October 24, 2014

Final Guidance on FDA Egg Rule Now Law

Today, the FDA’s final guidance on the egg rule to prevent Salmonella in eggs goes into effect. All shell egg producers with more than 3,000, but less than 50,000 laying hens must now comply with the rule. ¬†Farmers with more than 50,000 hens have been abiding by the rule since July 9, 2010. Final guidance was published in December 2011.

The rule, called Prevention of Salmonella enteritidis in Shell Eggs During Production, Storage, and Transportation requires egg producers to implement measures against Salmonella. Eggs must be refrigerated at 45 degrees F or less if they will be held for 36 hours or longer. The clock begins at the end of the day of lay. A biosecurity program must be in place, to limit visitors, protect against cross contamination, prevent animals from entering the poultry houses, and not letting employees keep birds at home.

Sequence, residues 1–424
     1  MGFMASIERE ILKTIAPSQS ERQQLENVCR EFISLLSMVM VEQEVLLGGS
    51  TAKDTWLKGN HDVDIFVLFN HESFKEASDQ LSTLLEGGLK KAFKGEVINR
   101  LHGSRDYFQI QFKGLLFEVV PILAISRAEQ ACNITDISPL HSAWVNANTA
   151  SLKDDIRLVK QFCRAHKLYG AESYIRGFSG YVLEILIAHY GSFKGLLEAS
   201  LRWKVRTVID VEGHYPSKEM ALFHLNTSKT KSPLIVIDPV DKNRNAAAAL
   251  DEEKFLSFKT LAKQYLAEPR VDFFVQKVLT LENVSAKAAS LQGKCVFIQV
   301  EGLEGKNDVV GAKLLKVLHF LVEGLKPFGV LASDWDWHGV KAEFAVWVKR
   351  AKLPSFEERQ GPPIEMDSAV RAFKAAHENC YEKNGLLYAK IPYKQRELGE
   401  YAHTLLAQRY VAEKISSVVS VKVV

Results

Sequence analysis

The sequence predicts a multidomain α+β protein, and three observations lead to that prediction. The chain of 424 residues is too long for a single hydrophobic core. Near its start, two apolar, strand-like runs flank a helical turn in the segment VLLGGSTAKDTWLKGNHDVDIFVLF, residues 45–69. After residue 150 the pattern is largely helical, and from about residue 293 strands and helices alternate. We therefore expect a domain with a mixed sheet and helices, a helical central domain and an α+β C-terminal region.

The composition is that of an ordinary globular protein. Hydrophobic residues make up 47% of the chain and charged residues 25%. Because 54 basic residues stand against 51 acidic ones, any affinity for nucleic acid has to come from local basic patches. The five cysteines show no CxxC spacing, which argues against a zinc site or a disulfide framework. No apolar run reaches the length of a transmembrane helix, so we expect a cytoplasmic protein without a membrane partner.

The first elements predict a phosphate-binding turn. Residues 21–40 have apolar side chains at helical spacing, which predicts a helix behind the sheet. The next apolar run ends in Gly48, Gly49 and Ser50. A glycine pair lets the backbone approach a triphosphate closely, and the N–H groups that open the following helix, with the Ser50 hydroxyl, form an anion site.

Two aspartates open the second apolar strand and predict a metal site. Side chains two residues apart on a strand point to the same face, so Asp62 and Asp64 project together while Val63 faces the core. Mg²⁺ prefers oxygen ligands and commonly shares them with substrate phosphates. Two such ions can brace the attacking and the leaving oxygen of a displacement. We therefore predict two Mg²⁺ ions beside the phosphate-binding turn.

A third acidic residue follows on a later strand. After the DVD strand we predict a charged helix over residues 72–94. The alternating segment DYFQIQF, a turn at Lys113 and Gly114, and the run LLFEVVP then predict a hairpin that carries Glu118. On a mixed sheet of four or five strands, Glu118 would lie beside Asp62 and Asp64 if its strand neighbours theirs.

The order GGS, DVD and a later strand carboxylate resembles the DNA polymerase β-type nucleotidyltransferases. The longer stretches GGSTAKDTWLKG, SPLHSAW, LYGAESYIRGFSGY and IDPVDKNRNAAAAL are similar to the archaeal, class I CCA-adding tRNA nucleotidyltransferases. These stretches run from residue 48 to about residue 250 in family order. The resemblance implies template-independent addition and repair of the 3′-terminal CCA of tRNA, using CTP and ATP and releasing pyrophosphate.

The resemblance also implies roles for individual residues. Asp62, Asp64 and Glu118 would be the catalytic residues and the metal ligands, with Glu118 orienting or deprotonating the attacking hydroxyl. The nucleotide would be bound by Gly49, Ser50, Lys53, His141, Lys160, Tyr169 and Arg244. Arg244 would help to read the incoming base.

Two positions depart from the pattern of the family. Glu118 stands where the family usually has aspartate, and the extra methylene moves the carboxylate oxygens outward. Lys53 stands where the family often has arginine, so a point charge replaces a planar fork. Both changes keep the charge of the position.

If an egg test or environmental test is positive for S. enteritidis, the producer must remove visible manure, and dry clean and disinfect the poultry house. Flies and other pests must be monitored and controlled, by using mechanical traps and removing debris the vegetation around the poultry house. The laying hens must be tested for S. enteritidis. The hens are tested three times during their lives. Environmental sampling is also conducted regularly at the end of molting processes. Egg testing occurs if an environmental sample is positive.

An S. enteritidis prevention plan must be written and stored at each farm where eggs are produced for human consumption. FDA inspectors will conduct unannounced inspections at egg farms. The Reportable Food Registry will aid inspectors in reporting farms where there is “reasonable probability that an article of food or feed will cause serious adverse health consequences.”

In 2011, Salmonella was the largest hazard in the Reportable Food Registry, accounting for more than 38% of reported hazards. And a study published in May 2012 found that Salmonella infections have increased by 44% in the United States since the late 1990s. Chicken and eggs are the major sources of infection.

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